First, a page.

"I love Asian food. I can't decide what my favorite is. Even when I'm feeling sick, I usually go with Japanese miso," says Renée, before sharing some of her other preferred food spots around town. "For Vietnamese, there's Lemongrass in Eagle Rock, and Golden Deli in Alhambra is awesome. For Italian, Casa Bianca. I love that place – the best Antipasto in L.A. that I've ever had. For Mexican, La Abeja on Figueroa in Highland Park/Glassell Park. It's a hole in the wall and family-owned. I've been going there for 20 years, so I've seen all of their kids grow up. It's just really good, traditional food and very humble people that work there. I also go to La Cabanita, in Montrose/La Canada. It's a quaint place with a festive environment. Not too loud, and it's in the foothills of the mountains so you have that somewhat sleepy energy." 

As for places she likes to check out bands at, Renée prefers smaller venues and outdoor spaces.

"I like intimate venues. I like being able to feel the energy of the artists, and I find there's a lot of excitement in arenas, but I like to be up close and personal. I really enjoy Echo Country Outpost and the Echo. I like outdoor venues, like the Greek and Hollywood Bowl – any outdoor venue really," she says. "We've done something called Solstice Skyline the past two years. It's an intimate series of outdoor shows. The last few years have been in my backyard but hopefully we'll open them up this year and take them into gardens."

Renée first came out to Los Angeles after high-school graduation and says that it just felt like home.

"The creativity, the arts here. I grew up in Upstate New York and there wasn't really much of that. It made sense. It was an adventure," she tells. "I had no intentions of ever going into music, it just kind of happened. But when I look back on my whole life, it makes sense why I'm doing what I'm doing."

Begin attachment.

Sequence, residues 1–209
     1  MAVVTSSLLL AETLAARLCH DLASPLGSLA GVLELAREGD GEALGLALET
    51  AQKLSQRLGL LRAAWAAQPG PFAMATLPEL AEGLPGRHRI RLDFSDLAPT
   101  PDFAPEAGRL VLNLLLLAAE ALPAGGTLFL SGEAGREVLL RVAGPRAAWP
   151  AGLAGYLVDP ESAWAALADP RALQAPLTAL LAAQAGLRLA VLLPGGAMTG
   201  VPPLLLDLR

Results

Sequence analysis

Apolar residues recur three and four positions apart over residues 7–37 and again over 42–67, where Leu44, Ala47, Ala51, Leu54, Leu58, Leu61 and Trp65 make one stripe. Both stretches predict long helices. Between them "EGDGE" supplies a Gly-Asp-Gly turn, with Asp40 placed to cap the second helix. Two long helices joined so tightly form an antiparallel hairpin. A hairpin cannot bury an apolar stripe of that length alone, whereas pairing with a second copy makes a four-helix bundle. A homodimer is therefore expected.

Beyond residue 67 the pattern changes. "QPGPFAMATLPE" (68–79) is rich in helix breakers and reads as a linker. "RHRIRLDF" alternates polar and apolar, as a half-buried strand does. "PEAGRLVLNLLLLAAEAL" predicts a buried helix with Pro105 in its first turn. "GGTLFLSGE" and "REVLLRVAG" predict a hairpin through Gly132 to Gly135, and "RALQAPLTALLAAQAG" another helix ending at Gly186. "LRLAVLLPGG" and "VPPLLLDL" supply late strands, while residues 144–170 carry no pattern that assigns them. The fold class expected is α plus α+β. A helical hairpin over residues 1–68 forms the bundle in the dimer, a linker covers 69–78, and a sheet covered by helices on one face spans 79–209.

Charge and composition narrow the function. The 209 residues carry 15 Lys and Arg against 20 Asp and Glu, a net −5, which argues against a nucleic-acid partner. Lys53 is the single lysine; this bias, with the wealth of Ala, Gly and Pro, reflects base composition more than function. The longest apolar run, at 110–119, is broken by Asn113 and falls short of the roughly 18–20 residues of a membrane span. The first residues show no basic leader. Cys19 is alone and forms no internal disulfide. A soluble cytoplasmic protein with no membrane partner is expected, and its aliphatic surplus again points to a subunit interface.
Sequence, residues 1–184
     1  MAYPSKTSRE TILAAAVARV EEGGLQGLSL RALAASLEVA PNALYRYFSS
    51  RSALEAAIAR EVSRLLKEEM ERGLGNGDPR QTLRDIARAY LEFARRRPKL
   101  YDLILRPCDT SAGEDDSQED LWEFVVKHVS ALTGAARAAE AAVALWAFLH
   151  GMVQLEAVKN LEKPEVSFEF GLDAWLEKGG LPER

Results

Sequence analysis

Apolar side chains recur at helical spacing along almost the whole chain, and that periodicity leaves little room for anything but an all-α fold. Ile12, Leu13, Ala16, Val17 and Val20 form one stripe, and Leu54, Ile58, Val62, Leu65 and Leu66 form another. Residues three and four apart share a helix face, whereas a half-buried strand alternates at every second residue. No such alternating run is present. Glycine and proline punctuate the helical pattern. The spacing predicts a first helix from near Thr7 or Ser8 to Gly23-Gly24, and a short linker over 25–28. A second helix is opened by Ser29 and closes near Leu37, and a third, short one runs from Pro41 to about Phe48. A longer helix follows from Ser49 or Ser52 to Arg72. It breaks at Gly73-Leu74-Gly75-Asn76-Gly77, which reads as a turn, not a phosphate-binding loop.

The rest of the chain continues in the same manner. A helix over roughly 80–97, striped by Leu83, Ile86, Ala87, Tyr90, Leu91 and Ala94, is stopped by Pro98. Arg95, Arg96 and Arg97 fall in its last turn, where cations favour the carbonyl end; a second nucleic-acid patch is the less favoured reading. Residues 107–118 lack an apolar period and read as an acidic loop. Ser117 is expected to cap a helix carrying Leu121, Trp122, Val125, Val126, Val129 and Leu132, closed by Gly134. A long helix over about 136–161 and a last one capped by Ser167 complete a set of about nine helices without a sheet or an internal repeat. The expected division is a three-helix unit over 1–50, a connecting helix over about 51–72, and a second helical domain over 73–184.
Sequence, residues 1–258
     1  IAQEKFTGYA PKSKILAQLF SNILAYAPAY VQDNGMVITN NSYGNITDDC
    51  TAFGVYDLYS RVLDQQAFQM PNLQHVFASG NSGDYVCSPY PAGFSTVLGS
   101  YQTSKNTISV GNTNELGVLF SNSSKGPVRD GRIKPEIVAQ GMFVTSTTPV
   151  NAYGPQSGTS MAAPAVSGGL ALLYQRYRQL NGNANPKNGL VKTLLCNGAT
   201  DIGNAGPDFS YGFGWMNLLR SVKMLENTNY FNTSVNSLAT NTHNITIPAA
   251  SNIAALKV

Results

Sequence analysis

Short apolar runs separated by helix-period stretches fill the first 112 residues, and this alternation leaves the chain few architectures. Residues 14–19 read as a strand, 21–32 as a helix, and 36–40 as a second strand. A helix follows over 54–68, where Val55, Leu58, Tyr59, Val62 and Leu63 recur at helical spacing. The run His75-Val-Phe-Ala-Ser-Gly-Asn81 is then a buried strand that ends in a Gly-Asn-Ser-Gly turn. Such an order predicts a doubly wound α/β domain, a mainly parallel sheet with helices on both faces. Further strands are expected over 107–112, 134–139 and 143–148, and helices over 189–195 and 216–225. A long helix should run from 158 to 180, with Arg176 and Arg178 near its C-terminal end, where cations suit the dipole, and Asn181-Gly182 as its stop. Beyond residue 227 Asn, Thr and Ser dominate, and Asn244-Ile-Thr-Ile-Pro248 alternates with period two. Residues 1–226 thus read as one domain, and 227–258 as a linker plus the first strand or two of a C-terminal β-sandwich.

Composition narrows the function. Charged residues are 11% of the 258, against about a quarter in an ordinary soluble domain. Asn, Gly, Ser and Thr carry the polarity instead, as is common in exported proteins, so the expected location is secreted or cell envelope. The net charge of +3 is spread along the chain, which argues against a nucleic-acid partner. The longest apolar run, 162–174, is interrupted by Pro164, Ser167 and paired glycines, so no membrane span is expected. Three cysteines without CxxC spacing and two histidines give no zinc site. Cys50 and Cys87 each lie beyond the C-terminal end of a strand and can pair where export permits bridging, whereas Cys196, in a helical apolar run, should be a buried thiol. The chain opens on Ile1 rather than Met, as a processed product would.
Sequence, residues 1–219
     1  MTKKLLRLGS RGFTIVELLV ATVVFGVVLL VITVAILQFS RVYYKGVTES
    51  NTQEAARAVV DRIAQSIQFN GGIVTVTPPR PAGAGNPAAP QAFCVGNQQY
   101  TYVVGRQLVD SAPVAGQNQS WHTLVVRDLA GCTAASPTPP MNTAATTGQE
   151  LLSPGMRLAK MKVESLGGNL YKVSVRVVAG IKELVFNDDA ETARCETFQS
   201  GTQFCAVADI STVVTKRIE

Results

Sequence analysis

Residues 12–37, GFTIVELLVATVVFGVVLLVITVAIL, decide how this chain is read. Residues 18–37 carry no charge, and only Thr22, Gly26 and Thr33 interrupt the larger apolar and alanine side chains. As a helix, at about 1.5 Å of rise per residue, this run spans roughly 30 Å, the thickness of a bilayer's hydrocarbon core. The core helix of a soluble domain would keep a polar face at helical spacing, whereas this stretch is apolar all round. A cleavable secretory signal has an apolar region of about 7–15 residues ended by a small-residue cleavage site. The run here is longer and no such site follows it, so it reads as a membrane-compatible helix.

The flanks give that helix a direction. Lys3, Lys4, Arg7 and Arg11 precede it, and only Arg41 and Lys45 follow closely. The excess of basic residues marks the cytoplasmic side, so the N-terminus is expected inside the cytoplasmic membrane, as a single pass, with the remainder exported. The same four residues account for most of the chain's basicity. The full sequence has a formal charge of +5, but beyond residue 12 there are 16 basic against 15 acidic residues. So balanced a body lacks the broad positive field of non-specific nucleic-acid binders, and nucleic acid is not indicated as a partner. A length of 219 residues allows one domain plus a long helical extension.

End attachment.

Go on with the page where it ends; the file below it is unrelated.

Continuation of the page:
Although she calls herself "way too uncoordinated to play any instrument," Renée's childhood was always full of music. Her parents filled her ears with Johnny Cash, Hank Williams, Janis Joplin, Deep Purple, Leo Sayer and the Eagles.

"My grandma was a huge fan of music, and that's why I said it makes sense to me now. She loved and still loves Patsy Cline and Brenda Lee," she recalls. "I feel so fortunate to have experienced that diversity of music."

As Renée grew to form her own musical appetite, she explored artists like UB40, Simon & Garfunkel, Depeche Mode, R.E.M. and Ozzy Osbourne. She also began to fall in love with film.

"Growing up, my world was very limited. There was Disney every Sunday night, On Golden Pond and Old Yeller. Once when I was on my own, I got into all kinds of classic films, like Sunset Boulevard, All About Eve, Sullivan's Travels, and started getting more into independent films," Renée remembers. "I enjoy documentaries, too."

Her interest in film and music fueled her work as a music supervisor and artist manager, and in 1995 she launched an independent music supervision company, Artists in Motion. Renée has supervised and consulted on over 30 productions and a variety of artists that include Tom Waits, Tim Buckley and Michelle Shocked. In 2000, she formed her first publishing company, Media Creature Music, which eventually evolved into Heyday Media Group in 2006.